Peer production and collaborative forms of technological design – such as those based on commons-oriented approaches – have at their core a critical stance towards the technoscientific landscape, an approach shared with Science and Technology Studies (STS) as a theoretical archipelago that has produced a significant wealth of knowledge that points out the social constructive and performative character of technoscience.
In recent time, the increasing prominence of critical approaches – e.g. feminist and postcolonial STS – and the intersections with surrounding fields – e.g. participatory design, information science, and critical technical practice – have stressed the politically engaged character of STS, emphasizing its “activist interest” (Sismondo, 2008). Such growing interest in collaborative modes of practicing STS has suggested the emergence of a “collaborative turn” in STS (Farías, 2017). Such novel approaches allow researchers and practitioners to understand and experience STS as a “practice” as well as a theoretical perspective, an approach that can be fruitful and inspiring also to investigate, design, and advocate for commons-based and oriented forms of production and experiences.
This special issue focuses on such collaborative orientation of STS by exploring its interplay with the field of Information and Communication Technology (ICT) when focusing on the commons and peer production. This relationship entails diverse forms of meeting such as the disciplinary intersection of STS with design studies and information science; the epistemological meeting between STS and critical perspectives; the making of new alliances between researchers, activists and local population; the convergence of institutional interests and research practices to promote alternative sociotechnical infrastructures based on the commons. At the same time such hybrid collaborations pose novel and interesting challenges such as the institutional constraints in the form of disciplinary boundaries that persist in today’s academia and the demand to engage in unconventional ways of publishing that are mostly disregarded by current evaluation practices.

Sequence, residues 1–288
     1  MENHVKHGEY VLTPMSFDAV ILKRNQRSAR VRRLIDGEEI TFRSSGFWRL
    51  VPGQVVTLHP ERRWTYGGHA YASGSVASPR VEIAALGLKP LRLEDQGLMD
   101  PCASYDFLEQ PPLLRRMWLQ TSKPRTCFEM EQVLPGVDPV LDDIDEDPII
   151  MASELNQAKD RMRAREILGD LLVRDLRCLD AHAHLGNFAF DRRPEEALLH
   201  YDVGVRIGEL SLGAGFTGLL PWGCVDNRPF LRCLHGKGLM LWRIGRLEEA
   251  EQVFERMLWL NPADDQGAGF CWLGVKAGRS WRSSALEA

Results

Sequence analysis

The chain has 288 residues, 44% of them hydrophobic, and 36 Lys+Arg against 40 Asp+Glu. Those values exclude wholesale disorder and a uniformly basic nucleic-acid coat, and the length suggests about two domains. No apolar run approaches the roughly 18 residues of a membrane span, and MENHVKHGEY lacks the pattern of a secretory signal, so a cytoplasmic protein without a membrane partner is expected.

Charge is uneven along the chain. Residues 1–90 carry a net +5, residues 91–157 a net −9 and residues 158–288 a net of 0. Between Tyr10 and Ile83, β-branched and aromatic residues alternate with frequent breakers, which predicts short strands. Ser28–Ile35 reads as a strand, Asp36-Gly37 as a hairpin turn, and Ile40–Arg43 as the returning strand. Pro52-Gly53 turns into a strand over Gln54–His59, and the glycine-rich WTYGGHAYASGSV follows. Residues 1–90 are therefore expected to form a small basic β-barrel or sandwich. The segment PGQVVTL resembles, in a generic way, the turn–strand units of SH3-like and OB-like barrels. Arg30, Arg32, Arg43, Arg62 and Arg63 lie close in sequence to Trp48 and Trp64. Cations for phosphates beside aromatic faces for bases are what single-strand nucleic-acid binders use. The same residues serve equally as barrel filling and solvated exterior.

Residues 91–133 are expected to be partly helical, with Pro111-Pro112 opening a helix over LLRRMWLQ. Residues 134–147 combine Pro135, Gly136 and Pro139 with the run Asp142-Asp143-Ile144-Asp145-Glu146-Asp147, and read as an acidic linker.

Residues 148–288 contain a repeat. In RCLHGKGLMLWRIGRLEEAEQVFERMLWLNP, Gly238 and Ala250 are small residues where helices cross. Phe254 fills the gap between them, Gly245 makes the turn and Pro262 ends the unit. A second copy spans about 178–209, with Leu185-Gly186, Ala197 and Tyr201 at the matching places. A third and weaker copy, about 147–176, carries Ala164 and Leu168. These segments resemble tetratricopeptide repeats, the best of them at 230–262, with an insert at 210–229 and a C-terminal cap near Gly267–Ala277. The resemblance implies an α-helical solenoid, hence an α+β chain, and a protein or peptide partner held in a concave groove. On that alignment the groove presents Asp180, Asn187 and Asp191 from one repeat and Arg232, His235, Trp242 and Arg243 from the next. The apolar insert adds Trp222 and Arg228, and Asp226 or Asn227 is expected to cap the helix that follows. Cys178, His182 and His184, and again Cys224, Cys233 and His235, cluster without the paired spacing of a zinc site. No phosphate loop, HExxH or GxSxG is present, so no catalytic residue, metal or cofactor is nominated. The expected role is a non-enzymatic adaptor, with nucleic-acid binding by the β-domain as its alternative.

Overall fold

This call seeks interdisciplinary contributions that explore the politics in and of the relationship between STS and ICT, from experiences of local and commons activism to large-scale examples of alternative sociotechnical infrastructures. Topics relevant for this call may include:
ICT, labor, and precariousness
Hacktivism, community networks, and alternative Internet
Datification and alternative data politics
Post-colonial and anti-colonial computing
Feminist interventions in ICT
Commons, peer production, and platform cooperativism
Interplay between publics, researchers, and institutions e.g. citizen science
This special issue aims to fostering interdisciplinary encounters in order to foster the politically engaged, commons-oriented, STS agenda in the relationship with ICT.
15 March 2019: Submission of a 250-500 words abstract
30 March 2019: Notification of relevance
1 July 2019: Submission of full papers
15 October 2019: Reviews to authors
15 December 2019: Submission of revised papers
March 2020: Foreseen publication
Abstracts should be of 250-500 words, while peer reviewed papers should be no more than 8,000 words.
These should be sent directly to the editors at email@example.com
All peer reviewed papers will be reviewed according to Journal of Peer Production guidelines. See http://peerproduction.net/peer-review/process/ for details.
Mariacristina Sciannamblo, Madeira Interactive Technologies Institute
Maurizio Teli, Aalborg University
Peter Lyle, Madeira Interactive Technologies Institute